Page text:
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  2. 2. Introduction Definition It is a reference model for inducting the software process maturity Into different levels. It can be used to predict the most likely outcome to be expected from the next project that the organization undertakes. Actually the capability of organizations associated with software development is evaluated by this model. That’s why model is called Software Engineering Institute Capability maturity model
  3. 3. Background •First proposed by Software Engineering Institute , Carnegie Mellon University , USA. •Patterned after the pioneering work of Philip Crosby published in the book Quality is Free , the maturity grid for five evolutionary stages for adopting quality practices in an organization. Now a days it is called Capability maturity model integration
  4. 4. SEI CMM : Two Ways Of Use CMM Capability Evaluation Capability Evaluation Software Process Assessment Software Process Assessment
  5. 5. Capability Assessment •This is a way to assess the software process capability of an organization. •The results of Capability Assessment indicate the likely contractor performance If it is awarded a project . So the results of Capability Assessment can be used to Select a contractor for completing a project
  6. 6. Software Process Assessment •Software Process Assessment is the assessment of any organization’s software process capability. • It is used by the organization with the objective to improve its process capability Hence , Software Process Assessment Is for purely internal use of the organization.
  7. 7. The need for software processes prior to CMM Organizations began to adopt computerized information systems, and the demand for software development grew significantly. The processes for software development were in their infancy, with few standard or "best practice" approaches defined. As a result, the growth was accompanied by growing pains: project failure was common and the ambitions for project scale and complexity exceeded the market capability to deliver.
  8. 8.  Individuals such as Edward Yourdon, Larry Constantine, Gerald Weinberg, Tom DeMarco, and David Parnas began to publish articles and books with research results in an attempt to professionalize the software development process. In the 1980s, several US military projects involving software subcontractors ran over-budget and were completed much later than planned, if they were completed at all. In an effort to determine why this was occurring, the United States Air Force funded a study at the SEI.
  9. 9. Precursor to CMM The Quality Management Maturity Grid was developed by Philip Crosby in his book "Quality Is Free“. Note that the first application of a staged maturity model to IT was not by CMM/SEI, but rather by Richard L. Nolan, who, in 1973 published the Stages of growth model for IT organizations. Watts Humphrey began developing his process maturity concepts during the later stages of his 27 year career at IBM.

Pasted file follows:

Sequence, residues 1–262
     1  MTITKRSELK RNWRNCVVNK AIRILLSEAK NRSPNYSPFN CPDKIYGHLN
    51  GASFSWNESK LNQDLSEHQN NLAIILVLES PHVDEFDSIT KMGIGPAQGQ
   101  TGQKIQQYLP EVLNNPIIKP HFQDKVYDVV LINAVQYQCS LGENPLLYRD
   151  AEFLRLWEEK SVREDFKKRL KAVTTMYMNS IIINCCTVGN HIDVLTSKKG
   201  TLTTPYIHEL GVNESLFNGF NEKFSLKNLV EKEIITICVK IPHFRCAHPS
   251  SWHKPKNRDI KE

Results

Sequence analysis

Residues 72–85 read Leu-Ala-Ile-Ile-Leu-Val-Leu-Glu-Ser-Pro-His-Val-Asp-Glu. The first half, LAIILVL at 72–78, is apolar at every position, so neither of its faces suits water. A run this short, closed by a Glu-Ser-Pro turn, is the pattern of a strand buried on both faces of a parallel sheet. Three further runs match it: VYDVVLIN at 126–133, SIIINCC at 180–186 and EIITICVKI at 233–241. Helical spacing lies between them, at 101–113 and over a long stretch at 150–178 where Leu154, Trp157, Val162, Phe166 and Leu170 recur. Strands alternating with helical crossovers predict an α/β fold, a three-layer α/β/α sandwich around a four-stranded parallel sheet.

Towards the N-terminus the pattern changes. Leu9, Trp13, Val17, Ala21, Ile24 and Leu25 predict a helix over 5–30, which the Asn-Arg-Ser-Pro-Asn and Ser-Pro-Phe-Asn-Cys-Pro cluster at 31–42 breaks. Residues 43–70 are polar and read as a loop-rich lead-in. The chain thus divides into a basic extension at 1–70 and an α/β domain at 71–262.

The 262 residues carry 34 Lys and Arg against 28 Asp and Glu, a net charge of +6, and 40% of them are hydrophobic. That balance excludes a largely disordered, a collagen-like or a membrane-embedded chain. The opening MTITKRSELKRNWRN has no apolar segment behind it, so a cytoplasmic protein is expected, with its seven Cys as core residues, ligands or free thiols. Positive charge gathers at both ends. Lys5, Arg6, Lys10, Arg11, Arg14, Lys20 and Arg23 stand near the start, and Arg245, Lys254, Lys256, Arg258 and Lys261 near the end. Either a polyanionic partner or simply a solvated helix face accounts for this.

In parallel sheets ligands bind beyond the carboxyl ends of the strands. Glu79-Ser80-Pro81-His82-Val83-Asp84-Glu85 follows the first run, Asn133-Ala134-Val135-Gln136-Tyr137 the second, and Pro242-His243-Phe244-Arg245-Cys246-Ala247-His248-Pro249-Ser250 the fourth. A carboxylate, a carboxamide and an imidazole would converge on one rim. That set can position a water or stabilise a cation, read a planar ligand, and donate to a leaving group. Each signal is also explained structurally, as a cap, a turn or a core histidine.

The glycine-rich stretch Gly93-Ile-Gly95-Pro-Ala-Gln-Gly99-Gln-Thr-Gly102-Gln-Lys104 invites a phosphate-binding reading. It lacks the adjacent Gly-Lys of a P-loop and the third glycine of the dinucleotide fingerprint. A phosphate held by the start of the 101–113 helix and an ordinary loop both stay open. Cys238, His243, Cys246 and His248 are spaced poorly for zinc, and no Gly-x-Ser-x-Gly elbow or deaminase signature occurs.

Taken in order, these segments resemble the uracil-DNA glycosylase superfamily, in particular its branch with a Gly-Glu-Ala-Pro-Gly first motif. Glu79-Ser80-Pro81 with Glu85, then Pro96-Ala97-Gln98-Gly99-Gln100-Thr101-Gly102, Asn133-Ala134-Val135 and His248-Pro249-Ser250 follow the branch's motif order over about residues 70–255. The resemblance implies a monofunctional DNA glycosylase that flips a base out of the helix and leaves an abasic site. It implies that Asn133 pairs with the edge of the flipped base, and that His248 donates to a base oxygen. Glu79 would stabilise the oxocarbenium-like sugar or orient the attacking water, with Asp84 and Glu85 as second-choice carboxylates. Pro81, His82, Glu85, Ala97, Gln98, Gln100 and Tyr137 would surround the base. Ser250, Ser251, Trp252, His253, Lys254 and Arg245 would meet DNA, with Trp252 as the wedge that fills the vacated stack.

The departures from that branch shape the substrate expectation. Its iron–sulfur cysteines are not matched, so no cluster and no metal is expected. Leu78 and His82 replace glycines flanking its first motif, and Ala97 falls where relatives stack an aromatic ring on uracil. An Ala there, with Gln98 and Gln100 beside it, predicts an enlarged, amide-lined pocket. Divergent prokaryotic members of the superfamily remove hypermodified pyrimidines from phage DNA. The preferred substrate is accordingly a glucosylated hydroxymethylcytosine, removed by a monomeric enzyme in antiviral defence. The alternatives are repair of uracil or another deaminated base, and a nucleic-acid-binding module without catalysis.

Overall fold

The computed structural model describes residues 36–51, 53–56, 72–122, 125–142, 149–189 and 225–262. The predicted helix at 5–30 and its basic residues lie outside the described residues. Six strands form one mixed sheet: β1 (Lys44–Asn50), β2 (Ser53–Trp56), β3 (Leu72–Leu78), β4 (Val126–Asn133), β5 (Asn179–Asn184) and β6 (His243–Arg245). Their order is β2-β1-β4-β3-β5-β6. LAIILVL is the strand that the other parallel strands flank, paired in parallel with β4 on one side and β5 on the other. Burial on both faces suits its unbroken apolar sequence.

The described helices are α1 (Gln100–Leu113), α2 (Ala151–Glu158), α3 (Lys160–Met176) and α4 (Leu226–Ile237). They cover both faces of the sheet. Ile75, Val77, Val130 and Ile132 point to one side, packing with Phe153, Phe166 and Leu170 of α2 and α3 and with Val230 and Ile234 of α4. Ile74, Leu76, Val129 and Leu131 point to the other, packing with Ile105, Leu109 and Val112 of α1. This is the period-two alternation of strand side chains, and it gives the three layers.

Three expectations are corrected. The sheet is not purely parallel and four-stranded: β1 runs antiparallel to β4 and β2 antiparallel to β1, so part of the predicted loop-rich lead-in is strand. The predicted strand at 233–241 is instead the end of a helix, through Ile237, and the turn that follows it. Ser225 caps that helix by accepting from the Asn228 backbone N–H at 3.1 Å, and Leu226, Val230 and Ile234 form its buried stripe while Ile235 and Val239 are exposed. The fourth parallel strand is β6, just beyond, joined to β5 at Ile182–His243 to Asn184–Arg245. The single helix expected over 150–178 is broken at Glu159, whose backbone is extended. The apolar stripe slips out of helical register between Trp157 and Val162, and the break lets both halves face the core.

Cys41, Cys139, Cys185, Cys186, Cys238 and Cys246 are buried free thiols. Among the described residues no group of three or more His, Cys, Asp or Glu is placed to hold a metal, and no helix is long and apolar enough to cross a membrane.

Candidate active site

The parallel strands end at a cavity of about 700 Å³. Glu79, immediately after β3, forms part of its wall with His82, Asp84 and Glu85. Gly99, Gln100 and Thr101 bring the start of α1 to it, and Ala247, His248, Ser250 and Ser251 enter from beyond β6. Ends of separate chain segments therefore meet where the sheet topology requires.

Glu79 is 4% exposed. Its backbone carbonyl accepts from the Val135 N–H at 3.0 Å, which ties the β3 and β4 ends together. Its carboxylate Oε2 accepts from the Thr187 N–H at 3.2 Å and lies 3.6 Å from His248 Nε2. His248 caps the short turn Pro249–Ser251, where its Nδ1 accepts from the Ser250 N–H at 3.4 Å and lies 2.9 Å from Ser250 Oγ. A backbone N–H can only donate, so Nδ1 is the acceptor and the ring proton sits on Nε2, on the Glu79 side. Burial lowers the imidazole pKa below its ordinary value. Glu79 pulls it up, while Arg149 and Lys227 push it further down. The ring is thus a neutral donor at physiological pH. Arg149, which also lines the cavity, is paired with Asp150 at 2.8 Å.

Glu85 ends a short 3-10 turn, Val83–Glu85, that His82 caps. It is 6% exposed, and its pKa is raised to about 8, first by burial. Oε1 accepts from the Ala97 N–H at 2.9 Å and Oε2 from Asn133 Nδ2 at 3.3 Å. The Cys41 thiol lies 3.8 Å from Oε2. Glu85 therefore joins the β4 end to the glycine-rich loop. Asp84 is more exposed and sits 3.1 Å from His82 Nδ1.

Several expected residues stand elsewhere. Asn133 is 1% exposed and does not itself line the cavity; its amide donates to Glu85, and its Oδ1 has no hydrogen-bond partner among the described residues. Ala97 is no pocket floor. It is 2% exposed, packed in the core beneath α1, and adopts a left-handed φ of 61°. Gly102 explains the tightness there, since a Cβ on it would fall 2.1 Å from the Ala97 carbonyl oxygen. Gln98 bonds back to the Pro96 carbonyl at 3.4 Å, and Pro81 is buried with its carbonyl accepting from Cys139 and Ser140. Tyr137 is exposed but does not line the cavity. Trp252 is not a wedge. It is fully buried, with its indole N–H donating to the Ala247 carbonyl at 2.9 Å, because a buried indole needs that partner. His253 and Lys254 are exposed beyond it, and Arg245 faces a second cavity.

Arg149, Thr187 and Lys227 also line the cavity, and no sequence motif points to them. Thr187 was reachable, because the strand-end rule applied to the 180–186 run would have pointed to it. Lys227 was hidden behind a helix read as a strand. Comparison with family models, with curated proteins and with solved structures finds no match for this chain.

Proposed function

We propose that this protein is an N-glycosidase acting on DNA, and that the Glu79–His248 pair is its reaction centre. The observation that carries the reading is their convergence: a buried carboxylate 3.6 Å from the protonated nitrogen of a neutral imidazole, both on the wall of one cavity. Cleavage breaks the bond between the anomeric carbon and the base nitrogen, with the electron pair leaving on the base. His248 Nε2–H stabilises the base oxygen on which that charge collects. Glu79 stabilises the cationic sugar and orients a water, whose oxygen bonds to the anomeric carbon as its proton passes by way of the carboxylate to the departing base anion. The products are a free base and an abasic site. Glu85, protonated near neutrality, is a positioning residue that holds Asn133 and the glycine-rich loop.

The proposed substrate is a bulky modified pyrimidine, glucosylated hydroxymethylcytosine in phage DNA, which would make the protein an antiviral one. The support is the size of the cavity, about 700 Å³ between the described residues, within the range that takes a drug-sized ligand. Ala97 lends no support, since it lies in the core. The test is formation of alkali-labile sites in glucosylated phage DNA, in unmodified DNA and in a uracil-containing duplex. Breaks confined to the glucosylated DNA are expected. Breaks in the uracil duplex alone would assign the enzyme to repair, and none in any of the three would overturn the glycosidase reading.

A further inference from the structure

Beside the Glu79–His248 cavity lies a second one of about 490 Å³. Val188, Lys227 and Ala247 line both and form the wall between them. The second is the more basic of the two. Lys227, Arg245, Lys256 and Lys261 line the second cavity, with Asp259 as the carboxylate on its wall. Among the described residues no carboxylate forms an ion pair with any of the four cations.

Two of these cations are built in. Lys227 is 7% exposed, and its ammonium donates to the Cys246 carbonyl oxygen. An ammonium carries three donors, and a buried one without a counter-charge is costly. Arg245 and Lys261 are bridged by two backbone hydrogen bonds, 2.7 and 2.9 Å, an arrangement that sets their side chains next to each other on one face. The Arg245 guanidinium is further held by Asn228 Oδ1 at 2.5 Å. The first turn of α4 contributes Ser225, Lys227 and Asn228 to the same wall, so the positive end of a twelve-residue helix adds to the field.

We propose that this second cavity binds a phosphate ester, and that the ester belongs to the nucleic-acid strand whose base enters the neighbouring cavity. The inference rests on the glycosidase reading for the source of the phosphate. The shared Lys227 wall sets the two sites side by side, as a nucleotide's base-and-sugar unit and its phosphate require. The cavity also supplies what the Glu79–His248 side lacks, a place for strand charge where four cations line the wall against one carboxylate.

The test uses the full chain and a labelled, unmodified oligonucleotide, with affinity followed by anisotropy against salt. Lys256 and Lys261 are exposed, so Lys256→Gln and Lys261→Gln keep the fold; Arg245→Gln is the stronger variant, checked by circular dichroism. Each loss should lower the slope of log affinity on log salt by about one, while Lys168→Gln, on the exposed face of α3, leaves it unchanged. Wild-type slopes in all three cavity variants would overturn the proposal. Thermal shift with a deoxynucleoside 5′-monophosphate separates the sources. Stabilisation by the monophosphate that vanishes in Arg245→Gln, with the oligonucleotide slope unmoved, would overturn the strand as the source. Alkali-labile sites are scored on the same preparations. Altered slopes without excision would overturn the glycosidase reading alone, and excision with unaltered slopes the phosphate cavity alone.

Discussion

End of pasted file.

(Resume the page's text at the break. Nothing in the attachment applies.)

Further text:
10. 10. Watts Humphrey's Capability Maturity Model (CMM) was published in 1988 and as a book in 1989, in Managing the Software Process. Organizations were originally assessed using a process maturity questionnaire and a Software Capability Evaluation method devised by Humphrey and his colleagues at the Software Engineering Institute (SEI). The full representation of the CMM as a collection of defined process areas and practices at each of the five maturity levels was initiated in 1991, with Version 1.1 being completed in January 1993. The CMM was published as a book in 1995 by its primary authors, Mark C. Paulk, Charles V. Weber, Bill Curtis, and Mary Beth Chrissis.
  11. 11. Maturity model A maturity model can be viewed as a set of structured levels that describe how well the behaviors, practices and processes of an organization can reliably and sustainably produce required outcomes. A maturity model may provide, for example :  a place to start  the benefit of a community’s prior experiences  a common language and a shared vision  a framework for prioritizing actions.  a way to define what improvement means for your organization. A maturity model can be used as a benchmark for comparison and as an aid to understanding - for example, for comparative assessment of different organizations where there is something in common that can be used as a basis for comparison. In the case of the CMM, for example, the basis for comparison would be the organizations' software development processes.
  12. 12. Capability Maturity Model structure Maturity Levels: a 5-Level process maturity continuum - where the uppermost (5th) level is a notional ideal state where processes would be systematically managed by a combination of process optimization and continuous process improvement. Key Process Areas: a Key Process Area (KPA) identifies a cluster of related activities that, when performed collectively, achieve a set of goals considered important. Goals: the goals of a key process area summarize the states that must exist for that key process area to have been implemented in an effective and lasting way. The extent to which the goals have been accomplished is an indicator of how much capability the organization has established at that maturity level. The goals signify the scope, boundaries, and intent of each key process area.